The House voted Thursday to cut taxes on inherited estates and relieve thousands of heirs from paying tax collectors during the next decade.
The vote, just a few months before an election with control of Congress at stake, saw majority Republicans temporarily setting aside their ambition to abolish the tax.
Instead, the House voted 269-156 to exempt many more estates from taxation and blunt the impact on still others. The compromise measure now goes to the Senate.
Congressional tax experts estimated that if the changes become law, only 5,100 estates would face taxation when the changes are fully in effect in the fiscal year beginning Oct. 1, 2011. The Internal Revenue Service levied taxes on more than 30,000 estates in 2004, the most recent figures available.
However, the bill also restores estate taxes in 2010, deleting what had been a one-year reprieve from them entirely under an earlier law.
The politics of the estate tax
President Bush and Republicans in Congress have long pressed to abolish the estate tax, arguing it is unfair to tax businesses and farms left to the next generation.
"Americans are being taxed almost every moment of their lives. My goodness, when they are dead, do we have to tax them again?" said House Majority Leader John Boehner, R-Ohio.
Democrats argued that it is more unfair to give millionaires a tax cut while denying thousands of poor workers a higher minimum wage.
"This is the ultimate values debate," said House Minority Leader Nancy Pelosi, D-Calif. "It is morally wrong to do this, especially when we are turning down, rejecting, an increase in the minimum wage."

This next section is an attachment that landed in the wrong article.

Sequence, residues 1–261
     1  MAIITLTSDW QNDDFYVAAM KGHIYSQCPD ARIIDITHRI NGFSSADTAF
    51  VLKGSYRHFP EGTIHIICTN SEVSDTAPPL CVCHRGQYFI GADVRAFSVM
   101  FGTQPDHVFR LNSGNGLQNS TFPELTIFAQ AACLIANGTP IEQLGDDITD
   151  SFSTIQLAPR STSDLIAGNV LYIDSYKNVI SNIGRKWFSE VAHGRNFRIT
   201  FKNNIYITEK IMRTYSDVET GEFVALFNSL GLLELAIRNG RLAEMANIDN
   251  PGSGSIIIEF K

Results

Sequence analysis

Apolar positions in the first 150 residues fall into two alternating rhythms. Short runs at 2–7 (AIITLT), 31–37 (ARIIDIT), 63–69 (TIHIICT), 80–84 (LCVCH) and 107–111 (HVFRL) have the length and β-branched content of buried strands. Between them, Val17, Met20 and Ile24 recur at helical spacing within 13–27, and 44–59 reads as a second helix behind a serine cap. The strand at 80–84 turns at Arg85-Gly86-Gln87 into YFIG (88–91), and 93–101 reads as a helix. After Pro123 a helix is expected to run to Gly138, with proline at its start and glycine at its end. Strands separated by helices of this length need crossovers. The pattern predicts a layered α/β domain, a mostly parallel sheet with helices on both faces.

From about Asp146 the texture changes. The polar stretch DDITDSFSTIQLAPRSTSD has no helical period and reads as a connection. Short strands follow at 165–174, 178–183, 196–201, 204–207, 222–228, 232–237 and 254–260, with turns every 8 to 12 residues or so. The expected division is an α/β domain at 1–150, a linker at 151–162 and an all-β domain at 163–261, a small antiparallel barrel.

Bush and Republicans in 2001 had succeeded in killing the estate tax for one year, 2010. But the tax would reappear at a rate of 55 percent in 2011, under Bush's initial tax cut package.
The House bill would replace that temporary law by reducing, but not eliminating, the estate tax. It responds to a plea for help from Senate GOP leaders, who discovered earlier this month they did not have enough votes to abolish the tax.
That forced lawmakers to talk compromise, but GOP tax writers, under pressure from the House's most conservative Republicans, said they wouldn't negotiate further than the offer made in the bill.
"This is not a first offer. It is the only offer," said House Ways and Means Committee Chairman Bill Thomas, R-Calif.
How it works
The reduction in the House bill would exempt from taxation $5 million of an individual's estate, and $10 million of a couple's. That exemption would increase automatically each year with inflation.
After the exemption, estates worth up to $25 million would be taxed at rates equal to those on capital gains, currently 15 percent but scheduled to rise to 20 percent in 2011. The remainder of any larger estates would be taxed at rates twice that of capital gains, or 30 percent at first and 40 percent when the scheduled capital gains tax increase takes effect.
The bill lets a surviving spouse take any unused portion of a deceased spouse's exemption, but it also eliminates the federal deduction for estate and inheritance taxes levied by states.
The Joint Committee on Taxation estimated the tax reductions amount to roughly $283 billion from 2006 to 2016.
Additional analysis, obtained by The Associated Press, shows the future cost in lost revenue to the government would increase to more than $300 billion if lawmakers keep the 15 percent capital gains rate in place in future years, instead of letting it increase to 20 percent in 2011.
The battle continue
Some business and farm groups favoring repeal of the tax said they could accept the compromise, but only as an interim step on the way to eliminating the tax.
The National Federation of Independent Business said it would do everything possible to see the bill enacted. "NFIB will continue to fight for full repeal of the death tax, but our members need guaranteed relief they can plan on right now," said executive vice president Dan Danner.
The House bill also contains a reduction in timber taxes, part of a strategy to pass the bill in the Senate by luring support from key Democrats.
Jim Manley, spokesman for Senate Minority Leader Harry Reid of Nevada, said the compromise doesn't go far enough for Democrats. "I'm hopeful that we have the votes necessary to stop this multibillion-dollar tax break for some of the wealthiest individuals in this country," he said.